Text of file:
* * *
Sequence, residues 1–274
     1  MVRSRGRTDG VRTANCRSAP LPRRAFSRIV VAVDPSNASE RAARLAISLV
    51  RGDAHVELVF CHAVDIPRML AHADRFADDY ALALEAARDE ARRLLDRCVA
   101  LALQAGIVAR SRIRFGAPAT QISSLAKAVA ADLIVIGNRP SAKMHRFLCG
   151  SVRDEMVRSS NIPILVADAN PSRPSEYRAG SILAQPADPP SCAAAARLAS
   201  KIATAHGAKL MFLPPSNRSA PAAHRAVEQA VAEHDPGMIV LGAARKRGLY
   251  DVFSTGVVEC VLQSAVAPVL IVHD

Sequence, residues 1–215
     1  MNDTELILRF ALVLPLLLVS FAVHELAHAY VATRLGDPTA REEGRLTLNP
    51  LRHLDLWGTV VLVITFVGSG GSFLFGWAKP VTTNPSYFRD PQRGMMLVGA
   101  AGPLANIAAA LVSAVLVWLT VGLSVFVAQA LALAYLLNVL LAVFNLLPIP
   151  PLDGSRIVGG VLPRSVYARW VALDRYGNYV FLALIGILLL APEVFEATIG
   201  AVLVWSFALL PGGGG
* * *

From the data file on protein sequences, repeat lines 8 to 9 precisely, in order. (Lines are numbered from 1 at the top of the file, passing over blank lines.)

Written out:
Sequence, residues 1–215
     1  MNDTELILRF ALVLPLLLVS FAVHELAHAY VATRLGDPTA REEGRLTLNP